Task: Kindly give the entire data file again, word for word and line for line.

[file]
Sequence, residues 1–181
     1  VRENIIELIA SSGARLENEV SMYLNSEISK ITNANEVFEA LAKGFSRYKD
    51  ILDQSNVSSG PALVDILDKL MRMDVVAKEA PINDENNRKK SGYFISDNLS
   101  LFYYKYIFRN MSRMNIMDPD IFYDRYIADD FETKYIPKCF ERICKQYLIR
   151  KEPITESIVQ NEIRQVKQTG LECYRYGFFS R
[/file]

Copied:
Sequence, residues 1–181
     1  VRENIIELIA SSGARLENEV SMYLNSEISK ITNANEVFEA LAKGFSRYKD
    51  ILDQSNVSSG PALVDILDKL MRMDVVAKEA PINDENNRKK SGYFISDNLS
   101  LFYYKYIFRN MSRMNIMDPD IFYDRYIADD FETKYIPKCF ERICKQYLIR
   151  KEPITESIVQ NEIRQVKQTG LECYRYGFFS R